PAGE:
I cringed my way all through this plot, and I think there’s a couple reasons why. First, we never see our hateful old sourpuss actually do anything really hateful. He goes along with Ezra’s nonsense, but who wouldn’t for that amount of money? We learn that he’s kept Jimmy and his daughter Barbara apart, but we never actually see him do anything objectionable until he catches Barbara backstage nearly an hour in. If he actually had slept with Mabel, we might have a plot, and you have to wonder if that was the case before the censors stepped in. The direction (by Ray Enright for the non-musical scenes) accidentally predisposes us to side with him. He’s the first character we see, and we never quite get used to seeing him as an antagonist instead of a protagonist. But most of all, Guy Kibbee’s acting is too good for its own good. He made a career of playing farcical fall guys, but if Dames is any indication, his true calling was in drama. His terror when Mabel materializes in his bed and threatens to call his wife in isn’t comically exaggerated – it’s real, soul-chilling terror. If the comedy works at all, it’s as cringe, and that wouldn’t exist for decades yet.
And while I worried my assessment might betray some unconscious sexism – oh, won’t someone think of the poor man manipulated by a shameless hussy? – the title song came in to remind me Dames was no feminist masterpiece itself.
What do you go for,
Go see a show for?
Tell the truth,
You go to see those beautiful dames…
Oh! Dames are temporary flames
You don’t recall their names,
The whole number is about the most perfect expression of the Male Gaze you could ask for, peeping in on all these interchangeable dames in the bed, in the bath, and getting dressed. It wouldn’t even be fair to say Berkeley’s treating women as sex objects – that would imply actually interacting with them instead of just leering. When Jimmy’s secretary announces a bunch of women are waiting to see him, he buzzes them all in at once, but I doubt he’s planning an orgy. Berkeley’s at least self-aware enough to gently mock his own voyeurism: a couple times, one of the dames sees the camera watching her and covers it with a sponge or a blast of hairspray to smooth one of those cinematic transitions. But maybe it reveals something insidious and ugly at the heart of the Berkeley aesthetic: women as replaceable moving parts to be manipulated into the complex spectacle of his machinelike choreography. But what a spectacle it is!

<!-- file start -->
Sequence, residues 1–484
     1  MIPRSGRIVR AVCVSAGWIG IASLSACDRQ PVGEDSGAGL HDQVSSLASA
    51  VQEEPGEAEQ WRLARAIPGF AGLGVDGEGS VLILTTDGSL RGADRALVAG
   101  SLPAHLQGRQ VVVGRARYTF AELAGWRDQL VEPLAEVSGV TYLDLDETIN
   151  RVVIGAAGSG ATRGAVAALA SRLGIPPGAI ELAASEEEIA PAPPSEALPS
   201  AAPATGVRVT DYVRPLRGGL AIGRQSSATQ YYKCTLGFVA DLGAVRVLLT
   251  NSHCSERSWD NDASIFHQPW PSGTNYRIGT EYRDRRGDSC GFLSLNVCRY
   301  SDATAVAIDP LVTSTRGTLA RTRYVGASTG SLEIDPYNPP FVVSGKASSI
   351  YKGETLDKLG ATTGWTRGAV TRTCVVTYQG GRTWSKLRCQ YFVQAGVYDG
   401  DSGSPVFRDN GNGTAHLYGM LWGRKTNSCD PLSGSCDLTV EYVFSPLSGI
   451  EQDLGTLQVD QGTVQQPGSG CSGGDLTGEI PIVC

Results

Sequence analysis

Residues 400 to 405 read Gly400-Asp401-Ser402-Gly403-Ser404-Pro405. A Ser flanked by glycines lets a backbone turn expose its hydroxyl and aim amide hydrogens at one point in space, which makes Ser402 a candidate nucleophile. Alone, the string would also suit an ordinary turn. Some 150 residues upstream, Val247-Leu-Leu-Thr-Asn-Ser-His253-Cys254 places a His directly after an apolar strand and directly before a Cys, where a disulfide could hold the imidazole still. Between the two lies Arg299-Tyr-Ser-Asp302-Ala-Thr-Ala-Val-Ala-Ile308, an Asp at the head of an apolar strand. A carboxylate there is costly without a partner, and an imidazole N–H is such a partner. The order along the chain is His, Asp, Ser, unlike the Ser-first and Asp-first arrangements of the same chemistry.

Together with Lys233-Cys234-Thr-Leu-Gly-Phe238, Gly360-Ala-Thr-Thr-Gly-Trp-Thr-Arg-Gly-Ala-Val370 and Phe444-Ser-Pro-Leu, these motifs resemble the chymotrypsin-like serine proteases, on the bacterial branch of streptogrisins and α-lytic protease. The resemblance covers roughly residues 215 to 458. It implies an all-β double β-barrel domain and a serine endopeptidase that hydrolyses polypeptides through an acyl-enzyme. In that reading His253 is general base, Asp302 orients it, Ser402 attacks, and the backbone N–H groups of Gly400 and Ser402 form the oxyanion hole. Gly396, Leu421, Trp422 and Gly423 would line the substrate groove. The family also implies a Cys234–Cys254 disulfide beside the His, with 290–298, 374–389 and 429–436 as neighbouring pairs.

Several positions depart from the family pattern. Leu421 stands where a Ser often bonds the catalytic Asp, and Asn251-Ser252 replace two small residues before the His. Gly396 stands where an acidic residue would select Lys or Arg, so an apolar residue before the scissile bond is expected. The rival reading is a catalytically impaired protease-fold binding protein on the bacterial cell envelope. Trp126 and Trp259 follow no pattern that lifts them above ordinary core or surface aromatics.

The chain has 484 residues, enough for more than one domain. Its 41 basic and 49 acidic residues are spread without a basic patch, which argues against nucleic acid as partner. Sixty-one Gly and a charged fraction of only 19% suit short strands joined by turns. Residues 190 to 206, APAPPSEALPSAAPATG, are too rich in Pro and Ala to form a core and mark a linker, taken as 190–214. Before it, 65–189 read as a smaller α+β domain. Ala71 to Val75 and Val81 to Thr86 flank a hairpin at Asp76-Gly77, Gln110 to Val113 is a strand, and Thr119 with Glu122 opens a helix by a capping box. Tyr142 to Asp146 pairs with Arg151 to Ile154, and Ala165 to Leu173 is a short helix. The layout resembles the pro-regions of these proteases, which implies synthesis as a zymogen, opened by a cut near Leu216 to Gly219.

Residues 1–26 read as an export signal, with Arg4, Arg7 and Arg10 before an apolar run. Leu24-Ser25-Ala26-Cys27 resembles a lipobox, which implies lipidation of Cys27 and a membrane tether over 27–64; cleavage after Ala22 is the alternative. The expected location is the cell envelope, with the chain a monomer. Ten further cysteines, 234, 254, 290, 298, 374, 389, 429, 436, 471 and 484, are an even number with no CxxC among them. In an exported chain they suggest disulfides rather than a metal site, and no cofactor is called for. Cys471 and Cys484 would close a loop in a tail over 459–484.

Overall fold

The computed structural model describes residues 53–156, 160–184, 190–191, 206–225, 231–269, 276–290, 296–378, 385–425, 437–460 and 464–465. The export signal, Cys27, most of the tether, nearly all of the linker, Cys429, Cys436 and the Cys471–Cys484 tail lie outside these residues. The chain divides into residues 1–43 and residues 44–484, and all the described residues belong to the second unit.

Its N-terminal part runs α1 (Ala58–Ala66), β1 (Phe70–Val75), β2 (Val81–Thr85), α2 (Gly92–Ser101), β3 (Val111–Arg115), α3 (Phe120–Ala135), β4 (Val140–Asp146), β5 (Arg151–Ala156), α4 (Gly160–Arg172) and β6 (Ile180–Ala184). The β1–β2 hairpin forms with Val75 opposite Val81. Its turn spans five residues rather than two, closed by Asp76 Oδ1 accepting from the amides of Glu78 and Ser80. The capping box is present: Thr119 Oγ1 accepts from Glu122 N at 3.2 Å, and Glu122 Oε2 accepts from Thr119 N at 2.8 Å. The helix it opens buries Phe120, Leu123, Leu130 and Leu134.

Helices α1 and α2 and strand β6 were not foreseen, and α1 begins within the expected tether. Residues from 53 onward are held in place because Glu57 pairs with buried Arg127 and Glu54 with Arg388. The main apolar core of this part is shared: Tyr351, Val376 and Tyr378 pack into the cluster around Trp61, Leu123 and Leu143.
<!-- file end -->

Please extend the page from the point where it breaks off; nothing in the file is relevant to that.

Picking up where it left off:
It’s the opposite of the genuinely romantic “I Only Have Eyes for You” – love of a single woman as a whole and unique human being vs interchangeably objectifying all of them. You can see that tension if you watch closely in the famous tracking shot through the dancers’ legs: they’re all strainingly trying to smile through the obvious discomfort, and even Berkeley’s literal machines fail him as the camera keeps going in and out of focus.
What we see of Jimmy suggests he’s closer to the “Dames” side of the spectrum, losing interest in Barbara once Mabel comes on the scene in a plot that’s pretty much forgotten by the time the show starts. When Barbara’s late, Mabel comes in as her understudy. Barbara’s eventually reinstated, which is a relief, because in her one musical performance as Mabel, Joan Blondell is hilariously, ear-bleedingly off-key, sounding more like a cartoon parody of bad singing than the star of a Hollywood tentpole musical.
I described Ezra Ounce as a religious fanatic, and yet another of the gaps between content and intent here is the absolute absence of any religious content in his moralizing besides some vague references to “sinning.” The Hays Production Code took effect in the middle of the year, and it’s easy to see Dames as a slap back at all the finger-waggers who were making Berkeley and Enright’s jobs so hard. But the real-life Ezra Ounces of the world were so powerful that Dames has to satirize them without including anything they might actually find offensive! That conflict of interest is most surreal in the newspaper description of Jimmy’s play that gets Ezra so ticked off: “Sweet and Hot, Jimmy Higgens’ torrid musical comedy, springs from the fountain of youth. Author, songwriters and actors are all youngsters.” Oh no! Not youngsters!
Ezra vows to take down the show, but he loses some of his resolve thanks to the new extra-strength formula for the “Dr. Silver’s Golden Elixir” he takes for every ailment – 75% alcohol, up from 55. That’s about twice as much as your average bottle of vodka and just a hair under Everclear, so you’d think it’d be more likely to stop his heart than change it, but whatever. Washington had just repealed prohibition the year before, and Dames has some fun by imagining the kind of hard-nosed moralizer who passed prohibition in the first place as an unwitting alcoholic thanks to his own health-consciousness. In the end, love conquers all. Wait, I misread my notes. That should say “alcohol.” Alcohol conquers all, since it is, after all,